Greece Formally Opens | Tourism Season 2021
ATHENS: Greece formally opened to visitors on Saturday, May 15, kicking off a summer season it hopes will resurrect its vital tourism industry battered by the coronavirus pandemic.
After months of lockdown restrictions, Greece also opened its museums this week, including the Acropolis museum, home to renowned sculptures from Greek antiquity.
As of Saturday, foreign tourists will be allowed in Greece if they have been vaccinated or can show negative COVID-19 test results. Travel between regions, including to the islands, will also be allowed for those with negative tests or vaccinations.
“Greece is offering what people need,” Tourism Minister Harry Theoharis tweeted. “Calm and care-free moments on the road towards normality.”
I’m finally here,” said Rebecca, a tourist in Athens from Florida, who declined to give her last name. “I’ve been waiting two years – two years with the COVID.”
Greece has been rolling out vaccines to its islands and hopes to vaccinate most of them by the end of June. The government says vaccines and rapid testing, as well as warmer weather allowing outdoor activities, mean visitors can travel safely.
As the pandemic brought international travel to a halt in 2020, Greece suffered its worst year for tourism on record, with 7 million visitors compared with a record 33 million in 2019. Tourist revenues tumbled to 4 billion euros ($4.9 billion) from 18 billion euros.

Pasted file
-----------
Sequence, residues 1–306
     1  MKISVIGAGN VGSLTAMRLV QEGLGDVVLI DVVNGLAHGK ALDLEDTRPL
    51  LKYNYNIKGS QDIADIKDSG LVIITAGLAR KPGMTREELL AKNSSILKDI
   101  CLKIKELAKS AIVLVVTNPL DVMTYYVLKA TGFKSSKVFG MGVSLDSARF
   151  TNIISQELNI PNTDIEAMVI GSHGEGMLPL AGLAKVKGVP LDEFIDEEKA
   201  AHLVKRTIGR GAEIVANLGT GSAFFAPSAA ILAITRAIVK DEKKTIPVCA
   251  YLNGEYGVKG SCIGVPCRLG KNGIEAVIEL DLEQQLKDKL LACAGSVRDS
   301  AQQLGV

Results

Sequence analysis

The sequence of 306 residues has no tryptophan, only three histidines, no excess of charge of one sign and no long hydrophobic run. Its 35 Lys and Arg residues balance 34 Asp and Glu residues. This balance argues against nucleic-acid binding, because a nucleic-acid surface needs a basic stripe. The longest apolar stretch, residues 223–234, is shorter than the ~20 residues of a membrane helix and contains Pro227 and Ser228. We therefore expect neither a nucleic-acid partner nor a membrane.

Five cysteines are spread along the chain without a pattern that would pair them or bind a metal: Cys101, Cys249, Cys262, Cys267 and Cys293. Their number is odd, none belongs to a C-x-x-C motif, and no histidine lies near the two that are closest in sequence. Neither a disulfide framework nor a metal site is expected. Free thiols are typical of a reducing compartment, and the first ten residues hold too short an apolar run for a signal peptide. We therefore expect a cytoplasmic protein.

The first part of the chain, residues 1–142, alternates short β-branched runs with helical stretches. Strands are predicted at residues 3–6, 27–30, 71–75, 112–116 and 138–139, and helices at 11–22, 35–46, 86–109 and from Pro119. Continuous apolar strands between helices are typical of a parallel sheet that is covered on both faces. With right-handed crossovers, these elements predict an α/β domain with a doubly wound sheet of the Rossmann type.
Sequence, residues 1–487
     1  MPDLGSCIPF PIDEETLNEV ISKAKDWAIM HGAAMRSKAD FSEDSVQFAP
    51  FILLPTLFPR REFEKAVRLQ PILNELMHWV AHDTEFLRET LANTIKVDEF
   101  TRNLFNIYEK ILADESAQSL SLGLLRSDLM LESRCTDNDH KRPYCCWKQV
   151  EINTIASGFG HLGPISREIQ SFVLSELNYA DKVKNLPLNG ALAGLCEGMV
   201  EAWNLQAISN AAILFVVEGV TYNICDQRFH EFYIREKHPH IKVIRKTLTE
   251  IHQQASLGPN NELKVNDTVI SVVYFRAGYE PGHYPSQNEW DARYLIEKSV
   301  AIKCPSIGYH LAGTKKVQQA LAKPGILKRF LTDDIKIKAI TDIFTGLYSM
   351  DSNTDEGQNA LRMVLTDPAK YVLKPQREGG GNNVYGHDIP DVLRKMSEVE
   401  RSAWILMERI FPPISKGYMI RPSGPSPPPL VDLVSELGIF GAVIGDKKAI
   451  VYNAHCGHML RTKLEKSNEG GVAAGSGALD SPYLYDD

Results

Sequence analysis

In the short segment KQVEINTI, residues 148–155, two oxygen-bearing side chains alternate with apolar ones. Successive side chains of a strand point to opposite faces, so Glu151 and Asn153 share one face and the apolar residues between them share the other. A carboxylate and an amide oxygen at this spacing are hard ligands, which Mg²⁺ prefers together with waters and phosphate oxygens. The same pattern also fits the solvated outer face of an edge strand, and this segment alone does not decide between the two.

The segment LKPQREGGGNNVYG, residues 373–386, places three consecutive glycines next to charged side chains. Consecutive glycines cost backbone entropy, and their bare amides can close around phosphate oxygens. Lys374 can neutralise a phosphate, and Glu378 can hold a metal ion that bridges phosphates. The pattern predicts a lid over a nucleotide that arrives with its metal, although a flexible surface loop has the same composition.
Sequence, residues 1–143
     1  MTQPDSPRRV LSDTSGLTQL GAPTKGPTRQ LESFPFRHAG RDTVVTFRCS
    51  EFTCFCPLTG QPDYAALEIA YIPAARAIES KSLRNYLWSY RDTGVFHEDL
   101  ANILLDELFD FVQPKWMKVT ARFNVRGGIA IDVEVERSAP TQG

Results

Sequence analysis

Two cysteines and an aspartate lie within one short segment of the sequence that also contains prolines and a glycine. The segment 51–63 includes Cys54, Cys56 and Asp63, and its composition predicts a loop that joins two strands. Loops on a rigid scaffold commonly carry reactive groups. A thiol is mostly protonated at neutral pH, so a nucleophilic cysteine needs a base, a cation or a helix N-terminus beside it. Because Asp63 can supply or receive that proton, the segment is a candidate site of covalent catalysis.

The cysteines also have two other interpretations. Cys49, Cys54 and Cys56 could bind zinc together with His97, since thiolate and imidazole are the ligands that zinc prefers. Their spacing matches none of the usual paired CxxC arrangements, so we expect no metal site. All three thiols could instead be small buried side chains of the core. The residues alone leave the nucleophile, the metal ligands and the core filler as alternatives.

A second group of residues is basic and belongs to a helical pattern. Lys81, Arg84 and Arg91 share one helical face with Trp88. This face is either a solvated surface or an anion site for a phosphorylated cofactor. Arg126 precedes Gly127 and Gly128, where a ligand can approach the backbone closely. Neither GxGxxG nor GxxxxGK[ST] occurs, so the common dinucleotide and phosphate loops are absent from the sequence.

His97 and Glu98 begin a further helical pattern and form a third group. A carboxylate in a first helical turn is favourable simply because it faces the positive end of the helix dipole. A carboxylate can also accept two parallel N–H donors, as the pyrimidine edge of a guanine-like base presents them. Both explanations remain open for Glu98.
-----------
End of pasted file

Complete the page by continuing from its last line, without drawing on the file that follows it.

This year, it is aiming for 40% of 2019 levels.
On the island of Mykonos, one flight was given a water salute upon landing. Four islands in the south Aegean, including Mykonos, received 32 international flights on Saturday from countries including Sweden, Germany and Qatar.
Corfu, in the Ionian Sea, welcomed visitors from Germany and France.
“We are so happy. I’m happy to be here,” said Pierre-Olivier Garcia, soon after arriving on the island.
Greeks also welcomed the lifting of lockdown measures, with scores of people leaving for the islands or holiday homes on the mainland on Saturday.
Greece fared better than much of Europe during the first wave of the pandemic, but rising infections later in 2020 forced it to impose several lockdowns to protect its struggling health system.